The wrong kind of crazy

Logan Mcdonald

“Goin’ loco for Four Loko.”

That’s the tag line repeated over and over again in the borderline-infomercial rap video on YouTube that promotes the alcoholic energy drink, Four Loko.

If a rapper promoting alcoholic drinks means anything like it used to, plenty of teenagers and college students will go out in search of it.

I’m almost positive that no one would ask for a Caribou Lou at the bars if they hadn’t heard the Tech N9ne song that gives instructions on how to make the drink.

But then what’s the deal with Four Loko? It’s a malt liquor beverage, similar to Joose or Sparks, with 12 percent alcohol and a bunch of caffeine, taurine and guarana. It may have wormwood oil in it, the main ingredient in absinthe, according to an article in the Los Angeles Times. Sounds like a crazy fun time?

Not exactly.

I first heard about Four Loko from my roommates after a night where they took turns jumping off of our roof, over each other, onto our deck. Of course that made me want to try it.

That weekend I went to the convenience store, and my roommate and I each bought one. It tasted like carbonated candy. We both finished our cans within 15 minutes, then went to the bars.

I felt energized. Even after a couple of beers, I wasn’t feeling much of an influence from the alcohol. Then my roommate suggested we get more Four Loko. After that it got pretty fuzzy.

I woke up the next morning feeling awful. Not only did I get the crash of an energy drink, feeling sapped and sluggish, I got a wicked hangover from all the cheap liquor.

For some reason beyond my own comprehension, I started suggesting Four Loko to my friends as a cheap ticket to a wild night. I even bought a case of it when it went on sale at a market in Campustown.

During the next few weeks, my opinion slowly changed about Four Loko.

I would arrive at parties late, after getting off work at 3 a.m., only to find a bunch of people still jumping and dancing around with cans of Four Loko in their hands.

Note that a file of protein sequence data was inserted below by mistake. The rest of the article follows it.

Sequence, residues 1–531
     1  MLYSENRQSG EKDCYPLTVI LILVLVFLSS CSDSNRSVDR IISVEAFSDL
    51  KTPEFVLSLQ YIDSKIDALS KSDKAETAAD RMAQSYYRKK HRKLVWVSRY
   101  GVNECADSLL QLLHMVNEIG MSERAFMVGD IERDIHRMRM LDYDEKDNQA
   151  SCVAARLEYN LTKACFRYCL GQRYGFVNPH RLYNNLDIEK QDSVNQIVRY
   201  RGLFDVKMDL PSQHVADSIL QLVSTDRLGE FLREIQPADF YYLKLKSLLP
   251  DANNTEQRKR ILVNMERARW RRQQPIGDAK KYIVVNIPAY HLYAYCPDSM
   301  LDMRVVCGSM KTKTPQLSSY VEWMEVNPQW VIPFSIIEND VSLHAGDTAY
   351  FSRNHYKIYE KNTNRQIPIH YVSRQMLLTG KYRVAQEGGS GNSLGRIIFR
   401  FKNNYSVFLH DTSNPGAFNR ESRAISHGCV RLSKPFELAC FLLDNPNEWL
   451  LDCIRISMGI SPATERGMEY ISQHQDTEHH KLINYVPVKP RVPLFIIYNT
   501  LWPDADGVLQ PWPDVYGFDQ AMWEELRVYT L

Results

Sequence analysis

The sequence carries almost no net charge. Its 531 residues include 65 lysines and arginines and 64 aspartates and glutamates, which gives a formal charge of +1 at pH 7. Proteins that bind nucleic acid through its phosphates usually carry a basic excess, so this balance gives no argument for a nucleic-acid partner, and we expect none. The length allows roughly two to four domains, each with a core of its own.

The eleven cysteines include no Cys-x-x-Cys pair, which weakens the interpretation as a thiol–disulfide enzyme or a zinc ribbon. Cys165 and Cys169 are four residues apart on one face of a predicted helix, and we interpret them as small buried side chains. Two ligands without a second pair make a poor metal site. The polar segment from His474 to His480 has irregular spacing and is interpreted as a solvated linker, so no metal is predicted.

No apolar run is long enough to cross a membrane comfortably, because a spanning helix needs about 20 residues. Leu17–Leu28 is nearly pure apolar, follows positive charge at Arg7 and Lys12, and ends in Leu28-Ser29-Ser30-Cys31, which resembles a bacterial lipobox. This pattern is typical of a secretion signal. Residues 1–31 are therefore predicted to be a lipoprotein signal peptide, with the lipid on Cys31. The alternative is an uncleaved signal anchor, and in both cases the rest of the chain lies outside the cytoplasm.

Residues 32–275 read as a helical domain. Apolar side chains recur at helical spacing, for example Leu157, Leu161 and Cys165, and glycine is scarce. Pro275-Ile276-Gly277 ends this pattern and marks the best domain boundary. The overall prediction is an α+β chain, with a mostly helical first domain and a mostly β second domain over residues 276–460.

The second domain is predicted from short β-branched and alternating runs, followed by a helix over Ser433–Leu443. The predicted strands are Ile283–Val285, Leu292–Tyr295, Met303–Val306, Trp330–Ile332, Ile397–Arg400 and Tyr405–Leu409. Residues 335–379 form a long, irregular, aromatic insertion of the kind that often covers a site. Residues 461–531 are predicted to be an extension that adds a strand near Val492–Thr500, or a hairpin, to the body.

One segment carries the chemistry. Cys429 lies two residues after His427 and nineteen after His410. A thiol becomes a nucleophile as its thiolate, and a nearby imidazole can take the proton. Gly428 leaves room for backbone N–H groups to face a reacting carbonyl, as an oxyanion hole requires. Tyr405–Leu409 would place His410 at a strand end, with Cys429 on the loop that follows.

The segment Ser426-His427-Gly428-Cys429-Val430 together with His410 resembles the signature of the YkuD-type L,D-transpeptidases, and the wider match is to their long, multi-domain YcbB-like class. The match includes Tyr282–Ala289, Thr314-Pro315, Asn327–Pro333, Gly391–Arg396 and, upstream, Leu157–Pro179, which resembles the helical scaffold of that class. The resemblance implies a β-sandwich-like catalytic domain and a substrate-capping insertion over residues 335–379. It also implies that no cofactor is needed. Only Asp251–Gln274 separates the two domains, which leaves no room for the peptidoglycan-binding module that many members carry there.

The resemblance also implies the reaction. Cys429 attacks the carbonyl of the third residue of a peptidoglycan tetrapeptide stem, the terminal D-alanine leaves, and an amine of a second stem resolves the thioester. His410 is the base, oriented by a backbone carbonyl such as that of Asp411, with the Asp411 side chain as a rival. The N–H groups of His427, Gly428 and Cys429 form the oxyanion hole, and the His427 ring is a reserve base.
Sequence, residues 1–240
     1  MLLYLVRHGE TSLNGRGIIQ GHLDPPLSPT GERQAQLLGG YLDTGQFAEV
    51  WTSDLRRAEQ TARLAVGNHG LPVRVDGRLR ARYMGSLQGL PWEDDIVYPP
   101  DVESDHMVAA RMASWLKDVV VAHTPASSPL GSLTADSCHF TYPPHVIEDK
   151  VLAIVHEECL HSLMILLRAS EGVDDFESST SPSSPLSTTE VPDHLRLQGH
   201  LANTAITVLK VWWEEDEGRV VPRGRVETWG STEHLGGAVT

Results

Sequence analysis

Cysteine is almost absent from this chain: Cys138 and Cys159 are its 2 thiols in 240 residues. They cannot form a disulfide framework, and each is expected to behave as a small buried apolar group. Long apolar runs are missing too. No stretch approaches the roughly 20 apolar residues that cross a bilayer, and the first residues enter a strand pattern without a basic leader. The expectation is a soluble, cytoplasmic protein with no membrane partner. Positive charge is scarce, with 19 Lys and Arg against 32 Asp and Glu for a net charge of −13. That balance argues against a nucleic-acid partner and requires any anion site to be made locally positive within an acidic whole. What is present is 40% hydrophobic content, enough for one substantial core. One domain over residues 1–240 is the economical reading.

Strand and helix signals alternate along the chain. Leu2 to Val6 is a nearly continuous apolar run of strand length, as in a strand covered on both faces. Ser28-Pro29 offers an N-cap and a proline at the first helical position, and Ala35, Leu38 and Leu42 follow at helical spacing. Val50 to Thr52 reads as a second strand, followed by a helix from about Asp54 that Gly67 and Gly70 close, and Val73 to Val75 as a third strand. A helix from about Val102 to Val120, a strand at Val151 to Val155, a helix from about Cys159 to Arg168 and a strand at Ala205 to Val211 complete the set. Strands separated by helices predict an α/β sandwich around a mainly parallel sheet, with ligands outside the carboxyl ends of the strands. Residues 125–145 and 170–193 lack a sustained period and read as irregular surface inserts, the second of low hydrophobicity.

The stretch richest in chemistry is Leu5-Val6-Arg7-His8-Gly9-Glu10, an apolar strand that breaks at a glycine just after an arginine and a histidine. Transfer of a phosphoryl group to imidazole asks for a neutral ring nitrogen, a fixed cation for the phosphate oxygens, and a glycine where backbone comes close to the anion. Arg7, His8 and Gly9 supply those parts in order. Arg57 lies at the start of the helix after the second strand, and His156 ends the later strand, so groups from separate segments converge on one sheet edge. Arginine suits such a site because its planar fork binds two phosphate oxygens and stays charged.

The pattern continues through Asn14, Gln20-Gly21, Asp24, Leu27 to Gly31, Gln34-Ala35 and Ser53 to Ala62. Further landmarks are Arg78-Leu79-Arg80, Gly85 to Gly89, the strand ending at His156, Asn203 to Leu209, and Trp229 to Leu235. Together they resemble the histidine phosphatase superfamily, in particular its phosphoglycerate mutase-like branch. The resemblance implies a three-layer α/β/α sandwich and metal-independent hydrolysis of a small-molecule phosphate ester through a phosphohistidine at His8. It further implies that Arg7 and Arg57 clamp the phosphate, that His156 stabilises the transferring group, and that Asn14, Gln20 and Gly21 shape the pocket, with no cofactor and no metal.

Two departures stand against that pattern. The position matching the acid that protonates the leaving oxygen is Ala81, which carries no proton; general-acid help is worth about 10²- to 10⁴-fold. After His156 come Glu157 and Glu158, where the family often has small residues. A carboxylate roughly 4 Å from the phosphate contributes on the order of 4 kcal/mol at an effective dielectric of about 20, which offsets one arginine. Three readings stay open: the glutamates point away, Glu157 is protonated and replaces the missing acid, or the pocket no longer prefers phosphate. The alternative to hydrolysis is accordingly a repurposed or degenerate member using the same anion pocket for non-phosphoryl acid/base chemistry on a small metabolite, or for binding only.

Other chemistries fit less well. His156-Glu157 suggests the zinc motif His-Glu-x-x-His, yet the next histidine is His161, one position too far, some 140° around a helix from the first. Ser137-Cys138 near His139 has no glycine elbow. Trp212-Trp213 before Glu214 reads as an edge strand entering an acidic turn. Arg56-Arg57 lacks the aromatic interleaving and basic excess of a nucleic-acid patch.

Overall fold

I would hear about the stupid things people did the night before; their only explanation was they were “Four Loko’d.” One friend described a can of it as “devil piss.”

The final straw for me was when I got back home from the bars on a Friday. It was 2:30 a.m. and a small party was going on. As I was talking to a few friends, the same roommate who had introduced me to Four Loko stumbled up to us. He had an almost zombie-like look in his eyes but he still had the energy to be bouncing on the balls of his feet to the beat of the music.

“Want some Four Loko?” he slurred to me, which sounded more like ‘Washum Foroko?’

He shoved a can of it toward me, spilling it all over my shirt. I shook my head and handed it back to him.

He bounced away toward a group of dancing people. He had drunk four cans of Four Loko that night, more than enough to push him over the edge, but the stimulants in it were forcing him to be alert rather than being ready to pass out. He kept dancing for hours with the hollow look in his eyes until everyone had left.

The next morning, I heard him puking in the bathroom and I decided that Four Loko is not good and is not redeemed by its cheap buzz. I still have half a case of the stuff in my room that I won’t give away and really don’t want to drink.

It seems like college students are always trying to get a better buzz, whether it’s from a Red Bull with vodka or a 5-Hour Energy shot.

With a caffeinated bakery in Campustown, and more than six cafes on campus, it’s no wonder students want caffeinated beverages when they’re out drinking at night.

Bottom line: Do not drink Four Loko.